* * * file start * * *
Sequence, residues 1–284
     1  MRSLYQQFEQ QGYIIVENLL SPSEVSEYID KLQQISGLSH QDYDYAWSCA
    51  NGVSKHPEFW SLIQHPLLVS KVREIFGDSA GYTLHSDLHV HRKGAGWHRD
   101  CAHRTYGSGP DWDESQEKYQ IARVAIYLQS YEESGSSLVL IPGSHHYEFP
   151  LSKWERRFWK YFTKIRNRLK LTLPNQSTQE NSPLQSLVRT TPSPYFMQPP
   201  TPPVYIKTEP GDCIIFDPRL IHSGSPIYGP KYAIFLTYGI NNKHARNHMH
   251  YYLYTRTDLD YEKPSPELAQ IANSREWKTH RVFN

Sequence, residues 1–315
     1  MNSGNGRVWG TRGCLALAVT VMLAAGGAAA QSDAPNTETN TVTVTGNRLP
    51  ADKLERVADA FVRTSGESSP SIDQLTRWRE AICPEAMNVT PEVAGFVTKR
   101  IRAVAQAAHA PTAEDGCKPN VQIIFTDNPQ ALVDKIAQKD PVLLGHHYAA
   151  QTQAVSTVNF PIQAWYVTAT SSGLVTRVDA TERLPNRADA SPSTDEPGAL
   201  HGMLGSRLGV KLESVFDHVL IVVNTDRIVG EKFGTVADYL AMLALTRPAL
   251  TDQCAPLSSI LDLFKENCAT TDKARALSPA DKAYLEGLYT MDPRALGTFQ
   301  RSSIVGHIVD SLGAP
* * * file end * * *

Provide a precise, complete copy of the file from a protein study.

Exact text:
Sequence, residues 1–284
     1  MRSLYQQFEQ QGYIIVENLL SPSEVSEYID KLQQISGLSH QDYDYAWSCA
    51  NGVSKHPEFW SLIQHPLLVS KVREIFGDSA GYTLHSDLHV HRKGAGWHRD
   101  CAHRTYGSGP DWDESQEKYQ IARVAIYLQS YEESGSSLVL IPGSHHYEFP
   151  LSKWERRFWK YFTKIRNRLK LTLPNQSTQE NSPLQSLVRT TPSPYFMQPP
   201  TPPVYIKTEP GDCIIFDPRL IHSGSPIYGP KYAIFLTYGI NNKHARNHMH
   251  YYLYTRTDLD YEKPSPELAQ IANSREWKTH RVFN

Sequence, residues 1–315
     1  MNSGNGRVWG TRGCLALAVT VMLAAGGAAA QSDAPNTETN TVTVTGNRLP
    51  ADKLERVADA FVRTSGESSP SIDQLTRWRE AICPEAMNVT PEVAGFVTKR
   101  IRAVAQAAHA PTAEDGCKPN VQIIFTDNPQ ALVDKIAQKD PVLLGHHYAA
   151  QTQAVSTVNF PIQAWYVTAT SSGLVTRVDA TERLPNRADA SPSTDEPGAL
   201  HGMLGSRLGV KLESVFDHVL IVVNTDRIVG EKFGTVADYL AMLALTRPAL
   251  TDQCAPLSSI LDLFKENCAT TDKARALSPA DKAYLEGLYT MDPRALGTFQ
   301  RSSIVGHIVD SLGAP